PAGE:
The standard X-Class is a great pickup; it might be based on the Nissan Navara but the changes Mercedes wrought are so great as to make it almost a completely different vehicle – and I’m not just talking about the interior. Lesser models might be powered by Nissan engines and transmissions but the chassis has been so heavily revised that it drives very differently, too. Better, in fact, riding more smoothly and flattering the driver with its more precise handling.
But it’s the exterior that draws the eye; that imposing front grille draws more attention than almost anything else I’ve driven in the past twelve months. Appreciative comments, too along with iPhone photos. The Rock Grey Metallic colour, which is actually a kind of metallic brown/grey, helps. It might not be your first choice when you’re speccing your new pickup online, but it’s a fabulous colour in real life being as discreet and sober as the Archbishop of Canterbury. It costs an extra £525, and is worth every penny.
But then the same could be said of almost every option that was fitted to my test vehicle, which led to an on-the-road price of around £50,000 plus VAT. That’s an awful lot of money, especially if you can’t reclaim the dreaded, in which case you’re waist-deep to the tune of almost £60,000.
Still, the interior is very nearly as nice as the exterior, which helps justify the cost. And while it’s not plush, not even close, but what there is is nicely judged and impeccably installed. There are no rattles, no creaks and almost flawless ergonomics, except for the weird mouse-cum-wrist rest, which remained unintuitive for the fortnight I had the X-Class. I’ve no doubt that familiarity would ease my contempt but I’m still not convinced…
But, as most people buy pickups because they offer significant company car tax advantages, anything that helps make it feel more like a car and less like a commercial vehicle is a bonus, and the interior certainly plays a large part in the X-Class’s appeal. It’s not luxurious, not by any strtetch but it’s more car-like inside than almost all of its contemporaries. Having said that, while Isuzu D-Max owners will be weeping with joy, I suspect that anyone who’s familiar with the Toyota Hilux or the Volkswagen Amarok will be wondering what all the fuss is about.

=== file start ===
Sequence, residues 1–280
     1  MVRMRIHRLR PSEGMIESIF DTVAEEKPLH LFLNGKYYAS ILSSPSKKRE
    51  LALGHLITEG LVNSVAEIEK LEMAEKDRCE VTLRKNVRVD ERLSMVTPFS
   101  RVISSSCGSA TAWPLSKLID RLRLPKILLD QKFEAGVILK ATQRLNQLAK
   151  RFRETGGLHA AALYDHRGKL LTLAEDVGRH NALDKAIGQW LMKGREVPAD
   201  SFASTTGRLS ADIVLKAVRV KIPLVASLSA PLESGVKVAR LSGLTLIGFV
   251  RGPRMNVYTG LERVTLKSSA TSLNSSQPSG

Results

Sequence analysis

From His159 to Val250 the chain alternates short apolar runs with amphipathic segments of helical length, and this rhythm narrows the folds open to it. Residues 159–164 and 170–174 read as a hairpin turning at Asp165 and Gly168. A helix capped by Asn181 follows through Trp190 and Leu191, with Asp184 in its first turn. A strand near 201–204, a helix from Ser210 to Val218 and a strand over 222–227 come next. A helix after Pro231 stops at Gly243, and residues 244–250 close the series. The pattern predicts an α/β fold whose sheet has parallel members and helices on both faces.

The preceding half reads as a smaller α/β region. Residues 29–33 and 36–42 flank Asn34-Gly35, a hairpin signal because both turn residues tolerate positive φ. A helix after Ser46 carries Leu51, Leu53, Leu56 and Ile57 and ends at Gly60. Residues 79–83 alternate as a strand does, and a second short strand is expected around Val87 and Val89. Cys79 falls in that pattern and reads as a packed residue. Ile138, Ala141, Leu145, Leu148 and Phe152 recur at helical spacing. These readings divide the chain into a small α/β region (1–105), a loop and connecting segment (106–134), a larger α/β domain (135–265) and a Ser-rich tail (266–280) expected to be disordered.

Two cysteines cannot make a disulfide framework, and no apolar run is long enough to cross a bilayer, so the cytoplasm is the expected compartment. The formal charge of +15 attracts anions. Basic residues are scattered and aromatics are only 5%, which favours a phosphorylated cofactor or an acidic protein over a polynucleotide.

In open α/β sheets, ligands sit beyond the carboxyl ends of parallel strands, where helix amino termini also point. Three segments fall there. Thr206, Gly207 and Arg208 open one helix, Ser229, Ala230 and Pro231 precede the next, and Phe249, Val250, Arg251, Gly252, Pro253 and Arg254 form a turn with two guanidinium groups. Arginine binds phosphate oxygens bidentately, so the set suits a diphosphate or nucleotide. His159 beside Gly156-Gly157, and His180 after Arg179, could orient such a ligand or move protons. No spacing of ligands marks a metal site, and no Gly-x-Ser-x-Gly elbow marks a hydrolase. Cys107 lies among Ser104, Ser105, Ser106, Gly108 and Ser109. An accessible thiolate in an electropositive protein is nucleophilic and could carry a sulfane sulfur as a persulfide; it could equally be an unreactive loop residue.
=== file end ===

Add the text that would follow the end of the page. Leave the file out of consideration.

But no-one else bar Volkswagen offers a pickupo with a V6 turbo-diesel engine under the bonnet. Displacing 2987cc and producing 258bhp, it is smooth, powerful and almost silent and it’s the engine the X-Class was crying out for since day one. Not especially economical – I averaged around 27mpg over about 600 miles of mixed driving – it’s nonetheless a delightful thing to have under the bonnet offering all the urge anyone really needs.
Possibly too much, in fact. Despite being shod with road-going Bridgestone Dueller H/P Sport tyres, the power is more than enough to overwhelm the chassis. A friend of mine helps develop and tune pickup suspension systems for a well-known manufacturer and he drove the V6-engined X-Class a while ago. He complained that it suffered from more understeer than he would have liked – until he noticed he was travelling around 20mph faster around any given bend or steering pan than he would have been in any other pickup. The X-Class’s permanent four-wheel-drive system has a 40:60 front:rear torque split helps a little, but understeer is still the predominant handling characteristic.
His verdict, therefore, concurs with mine; the X-Class handles very well indeed – in my opinion, it’s easily the best in its class – but you do need to keep an eye on the speedometer as it picks up speed very quickly indeed, which might leave you vulnerable if-and-when you arrive at a corner going much faster than you thought.